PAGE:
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21 Colum. Hum. Rts. L. Rev. 73 (1989-1990)
Judicial Review and Protection of Human Rights under a New Constitutional Order in South Africa

handle is hein.journals/colhr21 and id is 79 raw text is: Judicial Review and Protection of
Human Rights Under a New
Constitutional Order in South Africa
by Penuell M. Maduna*
INTRODUCTION
In South Africa today it is generally accepted that there is a need
for a new constitutional order. The ruling National Party, the party
that imposed the hateful system of apartheid which has occasioned
untold damage and wreaked havoc on millions of our people, has been
compelled to concede that its homelands solution is unworkable. The
1983 apartheid constitution, initially hailed as signalling the end of the
system, has been a disaster. Despite the tri-cameral parliamentary
system and the homelands, the basic problem of the South African
constitutional order-the exclusion of the indigenous African majority
from the exercise of power-remains unresolved. Legitimacy continues
to elude the National Party so much that it has been compelled to rely
increasingly on brute force to maintain its order.
Essentially, the debate about a new constitution is between the
parochially minded forces of apartheid and white minority rule on the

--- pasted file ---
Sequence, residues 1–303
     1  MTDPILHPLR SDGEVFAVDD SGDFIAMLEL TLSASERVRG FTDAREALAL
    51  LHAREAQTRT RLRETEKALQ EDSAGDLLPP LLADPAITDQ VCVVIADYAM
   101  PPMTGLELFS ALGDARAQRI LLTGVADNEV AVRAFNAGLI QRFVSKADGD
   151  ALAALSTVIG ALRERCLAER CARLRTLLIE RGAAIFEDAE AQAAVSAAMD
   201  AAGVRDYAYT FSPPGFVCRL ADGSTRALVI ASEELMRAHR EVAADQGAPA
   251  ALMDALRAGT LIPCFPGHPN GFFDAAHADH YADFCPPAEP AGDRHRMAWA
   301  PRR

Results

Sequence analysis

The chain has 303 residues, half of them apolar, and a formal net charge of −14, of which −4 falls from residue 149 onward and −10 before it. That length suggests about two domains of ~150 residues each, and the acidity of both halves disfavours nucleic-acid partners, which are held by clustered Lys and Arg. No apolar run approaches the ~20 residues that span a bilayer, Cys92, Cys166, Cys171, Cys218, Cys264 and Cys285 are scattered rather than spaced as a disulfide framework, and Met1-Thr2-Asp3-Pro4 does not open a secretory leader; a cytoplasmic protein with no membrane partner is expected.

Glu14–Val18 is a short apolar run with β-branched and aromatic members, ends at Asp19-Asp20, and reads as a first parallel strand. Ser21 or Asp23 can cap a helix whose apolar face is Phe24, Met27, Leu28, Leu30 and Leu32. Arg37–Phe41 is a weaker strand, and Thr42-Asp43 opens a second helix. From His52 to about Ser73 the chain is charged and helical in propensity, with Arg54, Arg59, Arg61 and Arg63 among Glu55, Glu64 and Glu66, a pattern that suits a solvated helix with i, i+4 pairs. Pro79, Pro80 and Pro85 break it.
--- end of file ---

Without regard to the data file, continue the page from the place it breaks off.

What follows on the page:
one hand and the majority of South Africans who derive inspiration
from the Freedom Charter on the other. The former are working very
hard to produce a pluralist constitution under the pretext of protecting
political group rights when in fact they seek to prolong the nightmare
of institutional violence that they originally implemented. Through the
proposed National Council, which has so far proved to be a non-starter,
the Pretoria regime hopes that a constitutional order that entails sharing
power with blacks without dissolving white minority rule will emerge
Member of the Secretariat of the African National Congress Department
of Legal and Constitutional Affairs; member of the Secretariat of the African National
Congress Constitution Committee.

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